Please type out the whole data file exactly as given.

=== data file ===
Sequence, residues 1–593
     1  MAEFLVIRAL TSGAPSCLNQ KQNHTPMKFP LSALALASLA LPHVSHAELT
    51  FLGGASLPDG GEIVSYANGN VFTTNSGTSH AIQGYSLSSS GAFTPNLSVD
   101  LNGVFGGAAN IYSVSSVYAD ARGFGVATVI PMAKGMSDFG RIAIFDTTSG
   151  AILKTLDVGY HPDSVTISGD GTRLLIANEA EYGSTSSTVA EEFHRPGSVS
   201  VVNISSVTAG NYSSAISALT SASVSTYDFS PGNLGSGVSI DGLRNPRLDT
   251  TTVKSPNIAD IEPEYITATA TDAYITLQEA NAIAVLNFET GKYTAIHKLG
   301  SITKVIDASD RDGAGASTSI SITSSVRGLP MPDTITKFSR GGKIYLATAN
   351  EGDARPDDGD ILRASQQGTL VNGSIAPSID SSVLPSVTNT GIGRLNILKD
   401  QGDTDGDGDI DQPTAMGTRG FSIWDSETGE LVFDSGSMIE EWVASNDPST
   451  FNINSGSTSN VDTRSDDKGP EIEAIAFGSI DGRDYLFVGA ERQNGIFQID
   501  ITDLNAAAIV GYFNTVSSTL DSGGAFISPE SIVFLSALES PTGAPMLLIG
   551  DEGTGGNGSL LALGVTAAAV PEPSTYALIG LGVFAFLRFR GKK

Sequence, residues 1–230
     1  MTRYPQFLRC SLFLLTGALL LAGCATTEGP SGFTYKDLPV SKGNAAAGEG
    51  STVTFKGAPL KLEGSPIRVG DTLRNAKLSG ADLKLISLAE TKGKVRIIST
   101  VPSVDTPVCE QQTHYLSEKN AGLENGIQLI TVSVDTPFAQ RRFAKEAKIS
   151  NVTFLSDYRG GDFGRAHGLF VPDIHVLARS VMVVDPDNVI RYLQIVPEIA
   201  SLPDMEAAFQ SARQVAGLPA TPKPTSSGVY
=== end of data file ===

Sequence, residues 1–593
     1  MAEFLVIRAL TSGAPSCLNQ KQNHTPMKFP LSALALASLA LPHVSHAELT
    51  FLGGASLPDG GEIVSYANGN VFTTNSGTSH AIQGYSLSSS GAFTPNLSVD
   101  LNGVFGGAAN IYSVSSVYAD ARGFGVATVI PMAKGMSDFG RIAIFDTTSG
   151  AILKTLDVGY HPDSVTISGD GTRLLIANEA EYGSTSSTVA EEFHRPGSVS
   201  VVNISSVTAG NYSSAISALT SASVSTYDFS PGNLGSGVSI DGLRNPRLDT
   251  TTVKSPNIAD IEPEYITATA TDAYITLQEA NAIAVLNFET GKYTAIHKLG
   301  SITKVIDASD RDGAGASTSI SITSSVRGLP MPDTITKFSR GGKIYLATAN
   351  EGDARPDDGD ILRASQQGTL VNGSIAPSID SSVLPSVTNT GIGRLNILKD
   401  QGDTDGDGDI DQPTAMGTRG FSIWDSETGE LVFDSGSMIE EWVASNDPST
   451  FNINSGSTSN VDTRSDDKGP EIEAIAFGSI DGRDYLFVGA ERQNGIFQID
   501  ITDLNAAAIV GYFNTVSSTL DSGGAFISPE SIVFLSALES PTGAPMLLIG
   551  DEGTGGNGSL LALGVTAAAV PEPSTYALIG LGVFAFLRFR GKK

Sequence, residues 1–230
     1  MTRYPQFLRC SLFLLTGALL LAGCATTEGP SGFTYKDLPV SKGNAAAGEG
    51  STVTFKGAPL KLEGSPIRVG DTLRNAKLSG ADLKLISLAE TKGKVRIIST
   101  VPSVDTPVCE QQTHYLSEKN AGLENGIQLI TVSVDTPFAQ RRFAKEAKIS
   151  NVTFLSDYRG GDFGRAHGLF VPDIHVLARS VMVVDPDNVI RYLQIVPEIA
   201  SLPDMEAAFQ SARQVAGLPA TPKPTSSGVY